Published: November 5, 2010
Author: Charles Portis
Publisher: Harry N. Abrams
Genres: Western, Classics
Okay, Dad, you were right.
After fifteen years of snubbing, I finally rescued True Grit from her lonely vigil on a basement bookshelf during a visit home last Christmas. The book was an original hardcover edition that had been well-loved and read to the point that the spine was soft that Dad had discovered at a library book sale in Minneapolis. He strongly encouraged me to read it when I was just about the same age as the main character, Mattie. Being the slightly snobbish teenager I was, I blew off the “western” as inevitably just another dry account of horses and dust and six-shooters.
As a kid raised on science fiction and fantasy (also due to my dad’s influence), I should have known better than to judge a book by its genre.
On the twelve-hour drive back to Kansas, I started to read, the dust cover crackling under its protective library plastic, and dove into an adventure rich with good storytelling and fantastic characters. I was hooked.
If I had read this book at fourteen, I would have instantly been crazy for Mattie. She’s everything I wanted to be at fourteen (and everything I still endeavor toward a decade and a half later). She’s practical, brave, and shrewd. She fearlessly bargains with grizzled men twice her age and stands up to some of the most terrifying criminals in the territories without blinking. She knows how to spot someone trying to take advantage of her and she keeps cool in a crisis. I also love the fact that she doesn’t really give a damn what anyone thinks of her—she does what’s best for her and for her family without looking back. Portis reflects Mattie’s practical nature in the style the book is written in as well—the narrative comes from Mattie’s point of view and he gives Mattie a writing style that reflects her no-nonsense character with a focus on the events rather than on feelings and other stereotypically “feminine” attributes.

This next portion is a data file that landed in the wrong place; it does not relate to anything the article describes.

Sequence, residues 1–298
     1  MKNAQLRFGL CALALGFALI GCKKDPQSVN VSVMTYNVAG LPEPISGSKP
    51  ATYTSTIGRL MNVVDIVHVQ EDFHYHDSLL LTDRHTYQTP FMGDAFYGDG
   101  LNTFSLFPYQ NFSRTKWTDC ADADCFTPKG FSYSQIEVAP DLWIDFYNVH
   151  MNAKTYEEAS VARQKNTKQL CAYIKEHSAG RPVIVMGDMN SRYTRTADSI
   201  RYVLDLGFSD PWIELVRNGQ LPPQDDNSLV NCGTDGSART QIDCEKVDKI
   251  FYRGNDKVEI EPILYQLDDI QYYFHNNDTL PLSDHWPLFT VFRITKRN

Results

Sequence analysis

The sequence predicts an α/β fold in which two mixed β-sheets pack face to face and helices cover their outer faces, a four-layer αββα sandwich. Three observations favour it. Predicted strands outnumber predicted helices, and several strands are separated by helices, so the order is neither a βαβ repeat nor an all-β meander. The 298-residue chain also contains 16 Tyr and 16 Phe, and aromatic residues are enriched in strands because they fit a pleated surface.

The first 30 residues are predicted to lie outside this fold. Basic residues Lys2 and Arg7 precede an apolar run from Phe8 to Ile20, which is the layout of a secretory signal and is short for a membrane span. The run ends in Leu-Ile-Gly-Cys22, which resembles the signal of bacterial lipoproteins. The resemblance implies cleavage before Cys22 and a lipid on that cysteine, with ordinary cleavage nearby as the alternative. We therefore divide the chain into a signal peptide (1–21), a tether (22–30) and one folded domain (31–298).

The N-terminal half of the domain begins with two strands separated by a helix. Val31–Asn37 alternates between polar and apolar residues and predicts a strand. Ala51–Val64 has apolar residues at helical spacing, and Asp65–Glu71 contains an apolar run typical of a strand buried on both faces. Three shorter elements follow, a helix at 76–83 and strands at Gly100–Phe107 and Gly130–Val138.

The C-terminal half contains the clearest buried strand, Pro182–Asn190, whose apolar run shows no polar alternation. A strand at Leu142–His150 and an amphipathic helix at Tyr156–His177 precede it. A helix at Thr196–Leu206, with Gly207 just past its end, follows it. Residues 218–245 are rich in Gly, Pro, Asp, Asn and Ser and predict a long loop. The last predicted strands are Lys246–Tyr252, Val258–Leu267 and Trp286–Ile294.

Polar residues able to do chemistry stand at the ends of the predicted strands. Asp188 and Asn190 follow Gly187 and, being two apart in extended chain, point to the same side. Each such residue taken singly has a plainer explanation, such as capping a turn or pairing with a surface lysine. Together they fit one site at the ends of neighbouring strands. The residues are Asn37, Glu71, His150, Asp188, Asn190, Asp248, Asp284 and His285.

A minor spoiler (though I promise I won’t give details): I’m not sure how I would have handled the snakes at fourteen. Even reading it now I had to keep myself from squealing, shift in my chair a bit, and skim the passage to get the feeling of serpentine flesh off my skin. But if you have a snake-phobia and choose to avoid reading because of that, you’ll be missing out on an amazing piece of work.
Rooster Cogburn was also very well-drawn as a character and is definitely worth attention. Mattie obviously held him in high regard, in spite of his shortcomings, and the fact that he’s not drawn as a shiny hero is refreshing. But any characterization of this story that emphasizes him at the detriment of focusing on Mattie does the core of this narrative a disservice, because it really is Mattie’s story.
One of my friends on GoodReads said that he doesn’t understand why this isn’t taught in more lit programs, and I completely agree, especially with the rising trend toward emphasizing good female characters. Mattie is uncommon and a splendid change in a literary world too loaded with conniving, back-biting, flaky and egotistical women drawn in shallow stereotype. True Grit is definitely a book that I’ll be passing on to anyone I can get to open the cover.
So yes, Dad, it was definitely a fantastic read. I’m just disappointed that I didn’t take your advice sooner. I suppose this means I’ll have to pick up some Dave Barry and Carl Hiaasen soon, too. And maybe try some alligator steak.